Why Rachel Lindsay Being the First Black Bachelorette is a Big Deal
It took me a few days to write this post, because I wasn’t really sure how I wanted to tackle the subject, but it seems I’ve made some progress.
It’s quite incredible to think that it took 33 seasons of The Bachelor/Bachelorette franchise to finally select an African-American lead (this is sarcasm if you couldn’t tell). Her name is Rachel Lindsay, but the significance of picking Rachel to lead the rose ceremony goes far beyond just seeing a brown face on the television screen. Rachel Lindsay represents the single Black women I work with every single day; women who have become quite hopeless about finding their “bachelor.”
See, I am a matchmaker. I work with those who are considered “difficult.” My white colleagues cater to males because they believe that servicing women is simply too hard. There’s a bit of truth to that. Women typically are more challenging to match than men, but I don’t just cater to men. I work with Black men and women nationwide.
The moment I heard that “Bachelor Nation” selected a Black Bachelorette, I nearly fell out of my chair. “Finally!” I screamed at my Twitter feed as news started swimming downstream. But just as quickly as the excitement came, I quickly became frustrated by the messages I was reading on social media.
One user wrote, “Team Facebook; (maybe it’s jus’ me) but I wish people would stop treating the first Black Bachelorette, Rachel Lindsay, as if she’s Jackie Robinson. “
Another wrote, “All things considered… this is not the kind of accomplishment that deserves respect.”
The significance of this is clearly missing! Rachel represents the hundreds of Black women I have spoken to over the years; many of them are my clients. They are smart, funny, attractive, successful, educated and totally worth loving, but they have come to believe that love is elusive, especially for them.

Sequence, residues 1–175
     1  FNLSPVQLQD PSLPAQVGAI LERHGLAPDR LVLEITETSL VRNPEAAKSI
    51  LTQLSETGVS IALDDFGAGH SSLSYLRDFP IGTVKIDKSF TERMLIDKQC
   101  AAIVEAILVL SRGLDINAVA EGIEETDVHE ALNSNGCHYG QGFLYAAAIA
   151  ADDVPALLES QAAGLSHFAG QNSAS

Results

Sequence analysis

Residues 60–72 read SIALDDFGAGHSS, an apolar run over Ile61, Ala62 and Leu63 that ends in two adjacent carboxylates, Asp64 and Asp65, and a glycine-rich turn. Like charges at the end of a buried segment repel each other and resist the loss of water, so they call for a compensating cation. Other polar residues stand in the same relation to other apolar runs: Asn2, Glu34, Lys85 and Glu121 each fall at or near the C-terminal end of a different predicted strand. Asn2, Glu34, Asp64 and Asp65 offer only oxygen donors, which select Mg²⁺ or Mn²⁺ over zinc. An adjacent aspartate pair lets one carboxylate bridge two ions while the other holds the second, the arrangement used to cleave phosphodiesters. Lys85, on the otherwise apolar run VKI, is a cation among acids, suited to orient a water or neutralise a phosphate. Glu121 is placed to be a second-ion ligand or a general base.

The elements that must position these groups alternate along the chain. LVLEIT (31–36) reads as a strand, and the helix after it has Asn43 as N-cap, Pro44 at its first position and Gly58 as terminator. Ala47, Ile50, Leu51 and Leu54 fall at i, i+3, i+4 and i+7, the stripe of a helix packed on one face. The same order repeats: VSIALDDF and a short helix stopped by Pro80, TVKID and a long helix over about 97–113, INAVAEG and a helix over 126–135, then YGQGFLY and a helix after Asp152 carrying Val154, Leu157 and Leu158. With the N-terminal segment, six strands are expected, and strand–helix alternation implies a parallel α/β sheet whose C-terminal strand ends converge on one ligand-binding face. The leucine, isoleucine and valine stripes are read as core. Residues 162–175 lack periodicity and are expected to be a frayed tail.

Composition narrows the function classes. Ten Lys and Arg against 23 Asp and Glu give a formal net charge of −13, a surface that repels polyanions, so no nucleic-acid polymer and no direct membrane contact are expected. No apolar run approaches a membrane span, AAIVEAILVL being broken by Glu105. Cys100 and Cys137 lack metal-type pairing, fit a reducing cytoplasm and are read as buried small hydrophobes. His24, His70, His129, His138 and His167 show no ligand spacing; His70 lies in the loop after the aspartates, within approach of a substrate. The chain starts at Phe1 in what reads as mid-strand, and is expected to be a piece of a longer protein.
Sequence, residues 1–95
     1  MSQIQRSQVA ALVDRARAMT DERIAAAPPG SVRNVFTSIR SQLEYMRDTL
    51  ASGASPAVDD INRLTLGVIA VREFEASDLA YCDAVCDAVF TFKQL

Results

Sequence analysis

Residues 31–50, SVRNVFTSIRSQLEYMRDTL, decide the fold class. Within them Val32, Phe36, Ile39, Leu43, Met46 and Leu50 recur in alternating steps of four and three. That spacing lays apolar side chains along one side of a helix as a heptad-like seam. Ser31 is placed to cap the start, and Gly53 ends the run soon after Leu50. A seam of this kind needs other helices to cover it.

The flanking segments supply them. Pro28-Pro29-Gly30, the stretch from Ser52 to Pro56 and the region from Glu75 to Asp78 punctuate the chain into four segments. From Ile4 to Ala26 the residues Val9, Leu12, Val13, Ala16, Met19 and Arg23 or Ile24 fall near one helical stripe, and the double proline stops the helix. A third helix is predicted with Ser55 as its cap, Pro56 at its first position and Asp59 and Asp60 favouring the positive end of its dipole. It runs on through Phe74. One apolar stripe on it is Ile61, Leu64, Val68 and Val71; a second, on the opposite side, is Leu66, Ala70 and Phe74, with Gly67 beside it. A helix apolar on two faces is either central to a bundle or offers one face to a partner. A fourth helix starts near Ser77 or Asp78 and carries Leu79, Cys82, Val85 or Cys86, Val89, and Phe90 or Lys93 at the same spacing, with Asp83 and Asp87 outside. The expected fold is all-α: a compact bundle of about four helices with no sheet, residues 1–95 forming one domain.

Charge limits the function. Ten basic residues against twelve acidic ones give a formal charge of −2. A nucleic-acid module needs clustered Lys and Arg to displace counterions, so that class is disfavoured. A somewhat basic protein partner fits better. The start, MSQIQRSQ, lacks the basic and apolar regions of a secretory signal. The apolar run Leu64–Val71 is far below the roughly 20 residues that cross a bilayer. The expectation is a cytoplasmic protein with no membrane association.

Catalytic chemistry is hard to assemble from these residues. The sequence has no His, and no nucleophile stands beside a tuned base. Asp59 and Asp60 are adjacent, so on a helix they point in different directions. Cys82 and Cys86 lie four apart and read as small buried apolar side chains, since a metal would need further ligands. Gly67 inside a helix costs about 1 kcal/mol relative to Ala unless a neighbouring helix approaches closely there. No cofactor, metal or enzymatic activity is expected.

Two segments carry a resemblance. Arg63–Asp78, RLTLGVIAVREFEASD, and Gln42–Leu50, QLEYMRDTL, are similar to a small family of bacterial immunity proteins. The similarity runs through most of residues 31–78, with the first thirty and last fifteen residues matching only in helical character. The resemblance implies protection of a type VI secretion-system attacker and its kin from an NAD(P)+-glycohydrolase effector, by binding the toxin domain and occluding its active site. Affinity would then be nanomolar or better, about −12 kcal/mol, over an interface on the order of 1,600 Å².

Many of them believe that love is reserved for those who fit society’s norms: straight hair, slim figures, and light skin. It’s a truly sad and terrible truth of how most Black women feel, and it is one of the major reasons why I decided to become a professional matchmaker.
As “Rachel” we must fight for our value to be realized everyday. While you’re swiping right, many are swiping left on Black women like Rachel, and it’s not because they’re unqualified (or unattractive).
I’m pretty sure that Rachel Lindsay didn’t just decide to join a reality show because she had men lining up at her door. It’s likely because Rachel hasn’t been getting many hits, so she decided to cast a wide net, and maybe now it will finally catch a great fish (one can hope, the odds are not in her favor).
Now don’t get me wrong, The Bachelor/Bachelorette franchise is pure entertainment, but don’t think that this news hasn’t given some young Black woman a major confidence boost! If I was single, I’d be feeling myself even more right now…
For years we have been told that we are not good enough, smart enough, attractive enough or compliant enough to achieve our dreams, but today someone at ABC reaffirmed what we’ve already known, that we’re dope enough to be the Bachelorette!
Inclusion is power! All we’ve been asking for is a seat at the table, no matter how unstable that table may be.
Congratulations, Rachel Lindsay! Make us proud girl!